Yemen political shift to bring Norwegian victim justice? / News / The Foreigner

Yemen political shift to bring Norwegian victim justice?. Yemeni civil unrest and political instability could open extradition doors to the UK for Farouk Abdulhak, accused of having raped and murdered Norwegian Martine Vik Magnussen. Whilst Britain has no extradition agreement with Yemen, with repeated attempts by UK authorities to cooperate with their Yemeni counterparts to bring Mr. Farouk Abdulhak in front of a British court and trying him for the rape and murder of Ms. Magnussen, this could all change. “We are in contact with the [non-violent, pro-democratic] revolutionary youth movement, and they have given us promises that they will deport Farouk if the President is ousted,” Mr. Marcus Roland of memorial fund “Justice for Martine” tells NRK.

martinevikmagnussenmurder, justiceformartine, faroukabdulhak, yemenprotests, presidentaliadbullahsaleh, shaherabdulhak



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Yemen political shift to bring Norwegian victim justice?

Published on Tuesday, 7th June, 2011 at 22:02 under the news category, by Ramona Tancau.

Yemeni civil unrest and political instability could open extradition doors to the UK for Farouk Abdulhak, accused of having raped and murdered Norwegian Martine Vik Magnussen.

Yemen March 01 protest
Yemen March 01 protest
Photo: Al Jazeera English/Flickr


Weakening protection

Whilst Britain has no extradition agreement with Yemen, with repeated attempts by UK authorities to cooperate with their Yemeni counterparts to bring Mr. Farouk Abdulhak in front of a British court and trying him for the rape and murder of Ms. Magnussen, this could all change.

“We are in contact with the [non-violent, pro-democratic] revolutionary youth movement, and they have given us promises that they will deport Farouk if the President is ousted,” Mr. Marcus Roland of memorial fund “Justice for Martine” tells NRK.

23-year-old Martine Vik Magnussen from Asker studied at Regents College in London and was last seen alive on March 14, 2008 after leaving a nightclub and getting into a cab with Farouk, the 21-year-old son of Yemeni billionaire businessman Shaher Abdulhak.

Her semi-naked body was found dumped two days later under a pile of rubble in front of the Central London luxury basement flat where Mr. Farouk Abdulhak lived.

By that time, the accused had already fled to Yemen, where his father Shaher Abdulhak offered him protection and a safe hiding place.

The Yemeni billionaire’s influence is tightly linked to President Ali Adbullah Saleh. A potential change on the political scene would leave Mr. Farouk Adbulhak exposed to justice, Mr. Roland believes.

“There are more opponents of the regime that support the Martine case who demand freedom and justice. It is no secret that President Saleh has long held a protective hand over Shaher and Farouk. Protection is substantially weakened or non-existent if the bond is broken.”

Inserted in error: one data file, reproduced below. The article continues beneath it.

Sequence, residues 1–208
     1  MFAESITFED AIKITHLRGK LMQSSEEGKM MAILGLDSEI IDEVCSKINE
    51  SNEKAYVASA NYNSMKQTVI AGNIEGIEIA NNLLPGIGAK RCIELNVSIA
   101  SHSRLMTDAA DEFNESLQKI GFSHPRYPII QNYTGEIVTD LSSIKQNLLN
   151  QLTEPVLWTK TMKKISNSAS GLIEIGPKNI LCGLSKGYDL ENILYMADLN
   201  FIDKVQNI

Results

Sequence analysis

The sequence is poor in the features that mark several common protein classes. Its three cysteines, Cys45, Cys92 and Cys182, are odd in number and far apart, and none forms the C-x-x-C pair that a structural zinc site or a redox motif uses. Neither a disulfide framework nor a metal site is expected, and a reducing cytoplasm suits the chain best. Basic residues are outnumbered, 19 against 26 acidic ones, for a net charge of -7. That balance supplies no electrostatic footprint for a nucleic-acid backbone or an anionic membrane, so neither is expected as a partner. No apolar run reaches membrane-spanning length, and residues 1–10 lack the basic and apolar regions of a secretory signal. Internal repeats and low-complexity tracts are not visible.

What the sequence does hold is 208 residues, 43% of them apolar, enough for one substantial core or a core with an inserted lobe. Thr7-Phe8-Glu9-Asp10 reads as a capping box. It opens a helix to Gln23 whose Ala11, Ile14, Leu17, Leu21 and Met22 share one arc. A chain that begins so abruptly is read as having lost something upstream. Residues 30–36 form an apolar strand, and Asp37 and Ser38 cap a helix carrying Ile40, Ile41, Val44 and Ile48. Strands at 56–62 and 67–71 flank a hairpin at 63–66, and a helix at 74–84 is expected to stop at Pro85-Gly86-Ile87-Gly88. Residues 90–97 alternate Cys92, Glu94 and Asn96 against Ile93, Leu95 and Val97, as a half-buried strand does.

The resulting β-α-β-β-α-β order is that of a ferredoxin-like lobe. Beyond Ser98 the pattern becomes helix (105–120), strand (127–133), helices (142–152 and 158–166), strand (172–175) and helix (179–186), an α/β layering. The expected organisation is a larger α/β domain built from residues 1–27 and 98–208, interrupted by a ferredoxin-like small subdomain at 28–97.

Fair trial

President Saleh’s removal from power after 33 years of rule is a feasible scenario as the wave of socio-political turmoil in Arab countries such as Tunisia and Egypt has now caught up with Yemen, according to Bloomberg Businessweek.

On June 6, Vice President Abduraboo Mansur Hadi took over governing responsibilities in Yemen while President Saleh received medical treatment in Saudi Arabia for his injuries, inflicted by a rocket striking his compound three days earlier.

While the Vice President argued he would only replace President Saleh temporarily until his return in “the coming days”, the Opposition perceives this transfer of power as a permanent handover.

“The departure of Saleh is a turning point not just for the Yemeni revolution but also is a huge push for the current changes in the Arab region and is the start of the real victory,” Zaki Bani Rusheid of the Muslim Brotherhood in Jordan tells Reuters.

Theodore Karasik, Director of the Institute for Near East and Gulf Military Analysis in Dubai, disagrees, however, highlighting that “It is premature to say that he [President Saleh] is completely out of the picture.

“He left for medical reasons, not political, and there is a big difference between the two. The family members that remained in the country appear to be the ones that make the regime function,” Bloomberg Businessweek reports him as saying.

Meanwhile, the “Justice for Martine” memorial foundation does not have any political interest in the affairs of Yemen, despite its active involvement with informing Yemeni people of Ms. Magnussen’s violent death and the country’s double standard practices.

Mr. Marcus Roland tells NRK, “We only have one goal, and it is to get Farouk tried in a British court. It is important to clarify the question of guilt and that it happens in the country where the crime took place. It is also important that he is tried in a court without the risk of capital punishment.”




Published on Tuesday, 7th June, 2011 at 22:02 under the news category, by Ramona Tancau.

This post has the following tags: martinevikmagnussenmurder, justiceformartine, faroukabdulhak, yemenprotests, presidentaliadbullahsaleh, shaherabdulhak.


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